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If recent allegations prove true, sexual hazing has been a barbaric ritual of choice for McGill University's football team. However, despite increasing media attention since the early 1980s, few educational institutions have faced the sordid reality that males sometimes assault or sodomize other males while hazing.

The dark truth is that some athletes, even some coaches, feel they have the right to certain excesses. Hazing is one of those excesses.

Most hazing is non-criminal. Indeed, many sports programs have positive initiations or no initiations at all -- or, albeit foolishly, confine hazing to rookies wearing silly clothing or doing acts of servitude. However, about 20 per cent of all athletes endure acts that fall into the category of severe, even criminal, physical or mental abuse, according to a 1999 U.S survey.

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These incidents are disturbing. Recent sexual-hazing cases involving U.S. athletes have seen rookies sodomized with pinecones, fingers, pencils and broom handles -- even to the point of rectal tearing. Female sexual hazing and simulations are rarer but do occur. Fraternity and sorority hazing has seen at least one death every year in the past 35 years.

Some educators put on hazing-prevention forums for athletes, fraternities and general student populations across North America. Fraternities, suffering way more deaths than do sororities and athletic teams, have educated new members for years, although sometimes all the efforts go to waste when undergraduates and alumni haze behind house doors.

Silent until recently, the collegiate athletic powers that have been mobilized to stave off the alcohol-fuelled parties, partial nudity and assaults linked to hazing. In September, the U.S. National Collegiate Athletic Association finally addressed hazing in its national newsletter. Last June, the U.S. National Association of Collegiate Directors of Athletics attacked hazing in its general session.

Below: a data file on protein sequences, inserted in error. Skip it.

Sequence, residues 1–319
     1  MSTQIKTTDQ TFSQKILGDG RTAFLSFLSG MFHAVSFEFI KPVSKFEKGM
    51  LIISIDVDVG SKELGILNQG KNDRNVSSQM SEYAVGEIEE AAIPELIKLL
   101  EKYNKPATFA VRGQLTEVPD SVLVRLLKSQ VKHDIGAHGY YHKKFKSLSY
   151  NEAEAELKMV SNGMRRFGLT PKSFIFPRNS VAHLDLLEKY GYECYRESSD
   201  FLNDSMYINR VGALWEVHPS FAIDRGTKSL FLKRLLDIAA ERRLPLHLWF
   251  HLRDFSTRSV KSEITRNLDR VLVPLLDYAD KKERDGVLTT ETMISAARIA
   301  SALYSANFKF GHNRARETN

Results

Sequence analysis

Yet while anti-hazing activists and campus watchdogs urge coaches to keep an eye out for hazing in locker rooms, team buses and training camps, many coaches say policing is impossible.

When a McGill athletics director told The Globe and Mail, "You can't follow them around with handcuffs, watching what they're doing every minute," his view generally reflects, rightly or probably wrongly, what is said in coaching offices.

History shows us that only widespread student disgust at hazing, when student leaders with perceived status suddenly find hazing uncool, can make any real difference. Before 1930, deaths of U.S. collegiate freshmen and sophomores during college orientation initiations were more common than initiations deaths in fraternities. But when high-status students in the 1920s protested against hazing, the intensity greatly diminished and only one death has occurred outside a fraternity since.

Can there ever be an end to hazing, which was once a shameful Canadian staple in junior hockey and collegiate orientation? Having written about hazing since the mid-1970s, I see the following as essential to curtail hazing:

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Annual surveys by colleges to assess the scope and range of hazing by high-risk groups on campus.

Zero tolerance, expulsions and charges for criminal hazing involving nudity, alcohol or sexual abuse.

Educational programs teaching bystanders on campus how to confront and intervene when a dangerous hazing is in progress.

A means for students and faculty to report hazing anonymously.

Banishment of alumni, including former athletes, who encourage players to maintain hazing.

A change in attitude to see those who report hazing as heroes, not primarily victims.

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Public condemnation of faculty members who have abdicated their responsibility to oversee the social activities of undergraduates.

The firing of athletic directors, coaches, campus police, faculty and college presidents proved to have known about criminal hazing without taking steps to punish it.

McGill's won't be the last blue-chip program to have a hazing scandal.

A respect for human rights must replace human rites.

Hank Nuwer, a professor of journalism at Franklin College in Indiana, is the author of four books on hazing and a contributor to Making the Team: Inside the World of Sport Initiations and Hazing by Jay Johnson and Margery Holman.

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